Sunday, February 13, 2011

Winter Wren

This is the first year that I have seen a winter wren in winter. So far, I've seen two. I am surprised that this little wren - the smallest of our wrens - chose this winter to stay here in the north, so cold and snowy. A reference on New England Wildlife by DeGraaf and Yamasaki, says that the winter wren is not particularly hardy and does not winter north of Massachusetts. These wrens are apparently redrawing their winter range map.

A few weeks ago I saw a small brown bird with a stubby tail in the underbrush near the Exeter River. My first thought was a young bird, but of course this was the middle of winter, so not an option. This bird flew among small seeps and overturned root balls of big white pines. Last week I saw a similar bird in our back woods. I watched the bird make a rapid but short flight into a seep and then to an upturned tree root. I got a better look at this bird and realized that both sightings were of a winter wren. A small, dark brown bird with a stubby, upturned tail and a quick flight; a bird that flies furtively in the understory.

The winter wren is one of my favorite birds during the breeding season; its song is long and melodious. They live in conifer or mixed wood forests -- preferring spruce-fir forests -- usually near water. They hang around in the dense understory of upturned roots, fallen limbs, rock crevices, seeps, mossy hummocks along streams. You won't find them in a forest with an open understory lacking these features. Year-round, winter wrens glean insects from the ground. I think the wrens I saw were looking for insects in the woodlands seeps, like the one below that is in our back woods.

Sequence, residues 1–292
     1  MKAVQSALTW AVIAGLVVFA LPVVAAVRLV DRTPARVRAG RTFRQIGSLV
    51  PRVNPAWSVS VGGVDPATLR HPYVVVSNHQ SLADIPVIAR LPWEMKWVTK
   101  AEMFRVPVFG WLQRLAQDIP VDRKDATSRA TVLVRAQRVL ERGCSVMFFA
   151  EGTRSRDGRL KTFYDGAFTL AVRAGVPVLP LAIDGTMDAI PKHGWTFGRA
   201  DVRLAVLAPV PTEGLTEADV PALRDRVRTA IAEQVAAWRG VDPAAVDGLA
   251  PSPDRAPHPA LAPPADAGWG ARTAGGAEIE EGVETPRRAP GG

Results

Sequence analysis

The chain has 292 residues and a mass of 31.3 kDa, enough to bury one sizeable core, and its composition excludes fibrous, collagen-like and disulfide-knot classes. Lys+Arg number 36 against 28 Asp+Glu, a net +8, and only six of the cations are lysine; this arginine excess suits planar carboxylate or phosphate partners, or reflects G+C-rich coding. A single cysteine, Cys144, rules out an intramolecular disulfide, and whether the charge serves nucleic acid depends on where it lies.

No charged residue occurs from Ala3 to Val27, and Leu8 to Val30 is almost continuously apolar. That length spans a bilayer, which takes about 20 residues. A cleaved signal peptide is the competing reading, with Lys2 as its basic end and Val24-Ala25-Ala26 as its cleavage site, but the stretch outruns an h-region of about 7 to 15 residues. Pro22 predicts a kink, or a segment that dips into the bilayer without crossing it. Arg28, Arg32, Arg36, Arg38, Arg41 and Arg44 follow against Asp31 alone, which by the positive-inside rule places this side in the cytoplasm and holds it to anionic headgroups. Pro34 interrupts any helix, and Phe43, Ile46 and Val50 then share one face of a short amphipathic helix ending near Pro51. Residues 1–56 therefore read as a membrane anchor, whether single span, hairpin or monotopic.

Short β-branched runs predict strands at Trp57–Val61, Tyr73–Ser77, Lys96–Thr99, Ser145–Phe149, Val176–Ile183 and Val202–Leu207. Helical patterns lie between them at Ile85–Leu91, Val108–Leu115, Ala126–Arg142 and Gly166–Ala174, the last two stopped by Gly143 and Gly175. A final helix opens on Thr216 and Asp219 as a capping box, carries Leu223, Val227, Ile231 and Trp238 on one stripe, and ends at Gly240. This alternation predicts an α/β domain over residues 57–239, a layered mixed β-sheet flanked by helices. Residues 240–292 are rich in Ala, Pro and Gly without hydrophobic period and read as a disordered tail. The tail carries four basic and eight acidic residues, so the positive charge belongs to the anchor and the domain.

The open water in these woodland seeps (typically a few feet in diameter) attract other animals. A mammal entered this seep, then left muddy footprints when it climbed back out. I noticed this on several seeps in our woods. Maybe a squirrel or a raccoon. The snow is crusty, so track patterns are hard to read.

We need a fresh snowfall. Instead, tomorrow looks to be warm -- warmer than it's been for more than a month. Look (or more likely smell) for skunks - they are emerging from their winter dens about now. The warm temperatures on Valentine's Day will surely bring them out in search of mates.

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